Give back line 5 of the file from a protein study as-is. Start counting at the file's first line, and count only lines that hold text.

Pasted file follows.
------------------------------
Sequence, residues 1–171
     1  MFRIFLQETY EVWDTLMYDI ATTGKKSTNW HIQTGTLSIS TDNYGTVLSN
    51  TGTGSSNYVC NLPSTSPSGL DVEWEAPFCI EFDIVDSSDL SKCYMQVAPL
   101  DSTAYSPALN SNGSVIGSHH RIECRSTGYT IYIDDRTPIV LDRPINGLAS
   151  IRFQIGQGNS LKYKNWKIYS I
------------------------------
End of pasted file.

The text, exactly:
   151  IRFQIGQGNS LKYKNWKIYS I